Rabies is an infectious disease that affects the central nervous system of mammals. There are two forms of the disease: “furious” and “dumb.” As the only way to definitively diagnose either form is through examination of deceased animals’ brain tissue, “diagnosis” is determined via symptoms. Unfortunately, rabies is known as the “great pretender” because symptoms aren’t always obvious. The disease is almost always fatal once clinical signs have appeared.
- Unprovoked aggression such as biting at imaginary or real objects
- Excessive drooling
- Hyperexcitability or agitation
- Tameness in an undomesticated animal*
- Wobbliness or partial paralysis*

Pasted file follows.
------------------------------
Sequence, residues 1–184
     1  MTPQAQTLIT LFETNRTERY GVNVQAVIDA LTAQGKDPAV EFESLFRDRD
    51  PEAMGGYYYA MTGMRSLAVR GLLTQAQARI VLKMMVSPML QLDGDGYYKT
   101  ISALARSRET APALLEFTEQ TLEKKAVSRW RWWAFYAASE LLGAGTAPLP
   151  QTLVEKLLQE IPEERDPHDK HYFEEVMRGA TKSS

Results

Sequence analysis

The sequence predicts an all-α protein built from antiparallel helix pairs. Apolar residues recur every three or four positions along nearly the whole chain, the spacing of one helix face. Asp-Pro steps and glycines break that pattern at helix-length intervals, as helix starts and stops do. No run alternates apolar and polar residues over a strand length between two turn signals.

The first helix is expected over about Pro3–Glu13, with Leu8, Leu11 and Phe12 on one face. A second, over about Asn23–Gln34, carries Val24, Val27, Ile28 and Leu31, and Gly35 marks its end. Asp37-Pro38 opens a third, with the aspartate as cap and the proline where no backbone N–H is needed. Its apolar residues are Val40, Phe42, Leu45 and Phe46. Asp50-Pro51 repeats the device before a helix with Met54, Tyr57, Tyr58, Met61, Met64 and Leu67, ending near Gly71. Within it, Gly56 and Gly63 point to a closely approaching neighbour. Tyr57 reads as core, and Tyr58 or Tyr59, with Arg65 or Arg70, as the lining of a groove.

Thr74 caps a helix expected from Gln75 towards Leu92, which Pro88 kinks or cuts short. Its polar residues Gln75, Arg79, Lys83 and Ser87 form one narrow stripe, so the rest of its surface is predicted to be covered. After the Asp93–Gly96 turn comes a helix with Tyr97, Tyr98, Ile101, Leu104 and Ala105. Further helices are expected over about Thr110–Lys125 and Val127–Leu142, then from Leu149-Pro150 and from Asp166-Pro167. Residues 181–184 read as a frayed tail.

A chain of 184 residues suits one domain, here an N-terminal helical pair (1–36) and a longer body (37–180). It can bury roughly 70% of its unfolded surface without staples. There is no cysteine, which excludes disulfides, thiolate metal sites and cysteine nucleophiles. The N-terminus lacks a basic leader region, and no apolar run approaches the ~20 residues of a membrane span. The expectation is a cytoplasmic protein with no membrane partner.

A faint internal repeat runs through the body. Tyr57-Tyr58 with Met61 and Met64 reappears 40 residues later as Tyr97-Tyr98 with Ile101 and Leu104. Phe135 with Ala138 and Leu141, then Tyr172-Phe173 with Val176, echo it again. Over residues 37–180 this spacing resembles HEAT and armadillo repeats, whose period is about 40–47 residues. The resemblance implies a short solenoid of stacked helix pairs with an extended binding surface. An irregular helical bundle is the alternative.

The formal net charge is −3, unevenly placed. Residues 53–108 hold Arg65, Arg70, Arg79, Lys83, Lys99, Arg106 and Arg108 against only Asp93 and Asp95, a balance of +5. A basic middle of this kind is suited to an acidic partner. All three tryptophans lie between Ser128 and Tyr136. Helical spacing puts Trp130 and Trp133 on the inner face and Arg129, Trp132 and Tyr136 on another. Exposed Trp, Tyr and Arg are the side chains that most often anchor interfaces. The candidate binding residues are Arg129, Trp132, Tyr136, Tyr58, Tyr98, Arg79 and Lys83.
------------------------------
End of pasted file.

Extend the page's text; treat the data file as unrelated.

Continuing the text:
- High-pitched continual vocalization
- Self-harm such as tearing at open wounds
*Distemper can also cause wild animals to behave in this way.
How to prevent rabies in shelters
- Quarantine animals on intake prior to a health assessment and vaccines. A rabies vaccine on admission does not protect against an infection acquired prior to intake.
- Group animals into small cohorts to prevent widespread exposure and limit the number of animals needing isolation should symptoms occur.
- Consider building or grouping your shelter in pods that can be closed off from other pods, and/or separating animals by species, physical and behavioral traits, age and health status.
- Vaccinate all domestic animals, including free-roaming cats, against rabies.
- Perform routine medical rounds to monitor food and water consumption, urination, defecation, attitude and ambulation.
- Humanely euthanize animals who have signs of rabies, an unknown vaccination history and a puncture wound of unknown origin to prevent further suffering and protect others from exposure.
- Report all bites from an unfamiliar animal to a veterinarian and a healthcare professional.